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    #1

    fainted and faint

    Dear teachers,

    "She suddenly got fainted."
    "She fainted suddenly."

    Is there any difference you can spot here?

  1. emsr2d2's Avatar
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    #2

    Re: fainted and faint

    Yes. The first one is incorrect.
    Remember - if you don't use correct capitalisation, punctuation and spacing, anything you write will be incorrect.

  2. MikeNewYork's Avatar
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    #3

    Re: fainted and faint

    Quote Originally Posted by kite View Post
    Dear teachers,

    "She suddenly got fainted."
    "She fainted suddenly."

    Is there any difference you can spot here?
    Yes. The first is incorrect; the second is correct.
    The first would be correct with "faint" instead of "fainted"

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    #4

    Re: fainted and faint

    Oh! Really? Till now, I have been using it as #1. I felt some doubt when I just looked it up in dictionary. I searched for "fainted", but I couldn't find it. What I could find is "faint" and I doubted. It's okay. Now it's clear.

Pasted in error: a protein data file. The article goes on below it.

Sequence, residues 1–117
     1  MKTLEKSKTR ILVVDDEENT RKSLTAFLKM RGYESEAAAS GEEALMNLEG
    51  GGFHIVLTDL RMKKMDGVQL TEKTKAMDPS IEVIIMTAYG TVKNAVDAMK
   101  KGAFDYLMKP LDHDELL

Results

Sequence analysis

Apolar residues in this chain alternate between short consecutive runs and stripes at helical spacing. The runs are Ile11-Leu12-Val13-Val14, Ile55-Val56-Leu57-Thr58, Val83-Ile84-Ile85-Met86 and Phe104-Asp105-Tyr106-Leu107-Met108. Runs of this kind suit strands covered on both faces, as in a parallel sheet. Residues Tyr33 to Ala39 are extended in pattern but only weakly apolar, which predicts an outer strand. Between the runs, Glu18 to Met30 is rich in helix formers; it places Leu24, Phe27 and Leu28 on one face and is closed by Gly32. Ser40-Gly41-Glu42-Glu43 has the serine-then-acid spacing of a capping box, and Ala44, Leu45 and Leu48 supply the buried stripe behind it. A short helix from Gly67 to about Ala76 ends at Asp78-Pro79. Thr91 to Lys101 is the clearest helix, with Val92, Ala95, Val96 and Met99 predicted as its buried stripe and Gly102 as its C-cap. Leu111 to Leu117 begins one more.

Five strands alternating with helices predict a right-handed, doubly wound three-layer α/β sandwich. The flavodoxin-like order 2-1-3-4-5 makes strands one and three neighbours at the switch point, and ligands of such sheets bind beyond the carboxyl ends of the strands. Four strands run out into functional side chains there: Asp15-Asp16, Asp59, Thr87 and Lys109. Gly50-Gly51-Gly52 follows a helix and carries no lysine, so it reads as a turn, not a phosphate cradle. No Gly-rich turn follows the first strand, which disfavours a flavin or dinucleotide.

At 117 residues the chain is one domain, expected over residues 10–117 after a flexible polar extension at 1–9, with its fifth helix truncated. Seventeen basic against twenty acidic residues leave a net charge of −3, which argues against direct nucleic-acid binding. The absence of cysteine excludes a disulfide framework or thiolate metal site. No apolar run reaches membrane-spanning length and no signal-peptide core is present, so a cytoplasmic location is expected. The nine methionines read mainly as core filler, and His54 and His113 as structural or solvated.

3. emsr2d2's Avatar
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    #5

    Re: fainted and faint

    Suddenly, she felt faint.
    Suddenly, she became faint.
    Suddenly, she got faint. (This isn't entirely natural.)

    Suddenly, she fainted.

    The first three mean that she felt dizzy and felt as if she was about to faint. The fourth means she actually fainted (passed out).
    Remember - if you don't use correct capitalisation, punctuation and spacing, anything you write will be incorrect.

  4. Barb_D's Avatar
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    #6

    Re: fainted and faint

    I'm glad ems pointed out that the meaning is not the same. I can feel faint without fainting.
    I'm not a teacher, but I write for a living. Please don't ask me about 2nd conditionals, but I'm a safe bet for what reads well in (American) English.

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